The average annual growth rates in the agricultural sector during the 1960s, 1970s and 1980s were 5.07, 2.37 and 5.4 percent, respectively. With the announcement of a new agriculture package by the government in April 1997, the growth rate during 1997/98 has improved to 5.9 percent.
More specifically; the agricultural sector plays an important part in Pakistan’s economy by: • contributing 24 percent towards GDP; • providing food to about 130 million people; • earning about 60 percent of the country’s total export earnings; • providing employment to 47 percent of the total work force; • providing the main source of livelihood for the rural population of Pakistan; • providing raw materials for many industries and a market for many locally produced industrial products.
Overview of agricultural sector development
Significant progress has been made in development of the agricultural sector in Pakistan since the time of independence in 1947. At that time, the Indus Basin was irrigated with an extensive system of canal irrigation, sown with low-yielding traditional seed varieties, fertilized mainly with animal manure and cultivated by means of animal draught power and by hand. In the early 1960s, conditions that favoured more rapid growth were put in place: the Indus Wate Agreement was signed under the chairing of the World Bank; the Indus Basin Development Fund w< established with multidonor support; government improved the terms of agricultural trade; and tubewe were installed as a viable investment. That decade witnessed a green revolution in Pakistan, and crc production accelerated during the first part of the decade, primarily because of the increased use of inputs.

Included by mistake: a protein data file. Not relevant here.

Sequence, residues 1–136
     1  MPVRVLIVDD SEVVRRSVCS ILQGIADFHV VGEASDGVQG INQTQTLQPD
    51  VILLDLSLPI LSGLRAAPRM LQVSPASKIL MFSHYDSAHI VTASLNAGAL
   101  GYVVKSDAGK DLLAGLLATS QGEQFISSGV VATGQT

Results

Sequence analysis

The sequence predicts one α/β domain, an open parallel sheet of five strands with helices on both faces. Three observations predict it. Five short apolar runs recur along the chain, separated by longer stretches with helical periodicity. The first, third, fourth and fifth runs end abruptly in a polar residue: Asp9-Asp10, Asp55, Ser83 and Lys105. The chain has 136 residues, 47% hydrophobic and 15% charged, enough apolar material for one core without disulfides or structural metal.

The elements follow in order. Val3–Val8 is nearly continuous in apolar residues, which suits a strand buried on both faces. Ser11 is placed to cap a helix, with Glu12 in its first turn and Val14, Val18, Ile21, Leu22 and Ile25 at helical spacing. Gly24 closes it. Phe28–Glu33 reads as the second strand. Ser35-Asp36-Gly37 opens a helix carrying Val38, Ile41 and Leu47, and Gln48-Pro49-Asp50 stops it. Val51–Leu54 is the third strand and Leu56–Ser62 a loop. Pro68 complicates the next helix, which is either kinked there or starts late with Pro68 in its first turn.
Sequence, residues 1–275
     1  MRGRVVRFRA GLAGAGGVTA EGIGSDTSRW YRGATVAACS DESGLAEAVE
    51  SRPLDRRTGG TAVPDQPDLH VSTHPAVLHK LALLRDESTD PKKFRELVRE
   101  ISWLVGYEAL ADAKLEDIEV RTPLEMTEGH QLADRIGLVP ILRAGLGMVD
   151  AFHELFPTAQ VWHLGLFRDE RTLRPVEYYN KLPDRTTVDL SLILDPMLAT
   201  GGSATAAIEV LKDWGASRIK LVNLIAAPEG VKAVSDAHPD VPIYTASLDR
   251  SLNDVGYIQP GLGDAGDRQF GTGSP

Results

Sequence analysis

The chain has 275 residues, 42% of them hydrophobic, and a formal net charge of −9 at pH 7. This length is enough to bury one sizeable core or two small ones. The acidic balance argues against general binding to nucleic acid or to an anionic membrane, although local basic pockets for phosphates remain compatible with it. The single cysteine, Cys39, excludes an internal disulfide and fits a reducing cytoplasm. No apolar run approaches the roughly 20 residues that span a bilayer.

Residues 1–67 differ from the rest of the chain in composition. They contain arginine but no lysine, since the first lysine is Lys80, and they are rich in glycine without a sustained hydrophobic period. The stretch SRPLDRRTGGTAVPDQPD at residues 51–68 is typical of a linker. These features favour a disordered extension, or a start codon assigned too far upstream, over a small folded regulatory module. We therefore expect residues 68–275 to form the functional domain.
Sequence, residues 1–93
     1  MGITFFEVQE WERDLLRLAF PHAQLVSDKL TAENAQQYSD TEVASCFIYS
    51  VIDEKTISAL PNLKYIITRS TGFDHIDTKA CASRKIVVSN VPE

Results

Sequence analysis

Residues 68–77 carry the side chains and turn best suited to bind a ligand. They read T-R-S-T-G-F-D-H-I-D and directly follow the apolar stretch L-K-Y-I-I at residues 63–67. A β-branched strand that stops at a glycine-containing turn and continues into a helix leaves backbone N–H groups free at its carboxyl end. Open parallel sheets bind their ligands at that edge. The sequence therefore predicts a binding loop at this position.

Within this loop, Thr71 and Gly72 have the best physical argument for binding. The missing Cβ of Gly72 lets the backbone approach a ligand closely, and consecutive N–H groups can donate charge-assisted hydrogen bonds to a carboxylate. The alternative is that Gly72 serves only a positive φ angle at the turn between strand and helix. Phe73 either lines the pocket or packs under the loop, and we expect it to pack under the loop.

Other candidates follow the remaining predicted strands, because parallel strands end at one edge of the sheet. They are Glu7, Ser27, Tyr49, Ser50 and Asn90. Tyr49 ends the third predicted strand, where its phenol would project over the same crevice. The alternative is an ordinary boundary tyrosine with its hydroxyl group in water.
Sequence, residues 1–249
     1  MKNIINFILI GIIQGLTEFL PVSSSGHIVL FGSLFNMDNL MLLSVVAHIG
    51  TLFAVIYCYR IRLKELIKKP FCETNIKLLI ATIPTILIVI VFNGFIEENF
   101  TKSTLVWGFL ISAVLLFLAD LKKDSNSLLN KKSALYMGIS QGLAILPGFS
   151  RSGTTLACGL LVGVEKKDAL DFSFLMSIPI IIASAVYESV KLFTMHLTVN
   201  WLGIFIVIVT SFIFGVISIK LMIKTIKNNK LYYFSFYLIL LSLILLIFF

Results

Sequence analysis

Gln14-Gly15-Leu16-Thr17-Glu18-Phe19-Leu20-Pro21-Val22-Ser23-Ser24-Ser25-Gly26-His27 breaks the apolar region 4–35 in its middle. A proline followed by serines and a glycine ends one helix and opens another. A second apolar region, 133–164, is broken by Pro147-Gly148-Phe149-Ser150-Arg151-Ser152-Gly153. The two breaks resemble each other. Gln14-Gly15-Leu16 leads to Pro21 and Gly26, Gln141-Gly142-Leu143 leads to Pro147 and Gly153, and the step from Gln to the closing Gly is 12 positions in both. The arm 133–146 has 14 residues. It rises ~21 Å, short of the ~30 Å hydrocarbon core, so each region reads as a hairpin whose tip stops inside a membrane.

Pakistan’s agriculture has made a long and difficult journey. Its performance is marked by a mixed trend. There have been some years of dismal growth and some years of cruising growth. Since 1980, agricultural GDP at constant factor cost has more than doubled, increasing from Rs 76 billion in 1980 to more than Rs 141 billion in 1996/97, with a steady growth rate of 3.91 percent annually. Agriculture’s share of total GDP however, declined from about 31 percent to just 24 percent over the same period. Crop production contributed the largest share of agricultural GDP (62 percent in 1996). with livestock contributing 34 percent and fisheries and forestry the re Policy measures in the last four years, i.e. from 1993/94 to 1996/97, were positive for the agricultural sector. Undue benefits provided to the industrial sector over the years were reviewed and modified.
T he agricultural sector as a result responded with new buoyancy. Export taxes on agricultural commodities were reduced or eliminated, which benefited the agricultural sector. In the policy reforms package, better support prices, better tillage and soil preparation practices and adequate and timely availability of fertilizer and certified seed have added to the positive response from the farming community. In 1996/97, production of wheat reached a level of 16.7 million tonnes, and there was also a 13.7 percent increase in the production of Basmati rice. The overall production of rice registered an increase of 8.5 percent – the total production of rice during the year was 4.3 million tonnes, compared with 3.97 million tonnes in the previous year.
There was, however, a decrease in the production of pulses, particularly of gram, during 1996/97 to 832 000 tonnes from 918 000 tonnes during the previous year (1995/96). Production of potatoes and onions in 1997/98 is estimated at 1 205 000 and 1 160 000 tonnes respectively, as compared with 963 000 and 1131 000 tonnes in 1996/97.
Over the past 20 years some important structural changes have taken place in the sector. In particular, livestock has emerged as an important subsector, today contributing more than one-third of agricultural GDP, compared with about 28 percent 20 years ago. Similarly, fisheries and forestry, while still minor contributors to agricultural GDP, have grown rapidly. Structural changes have also taken place within the crop sector. Cotton is now as important as wheat in terms of value added with a one-fifth share of total earnings. Rice and sugar have, however, fallen from a 20 percent share in the early 1970s to 15 percent today.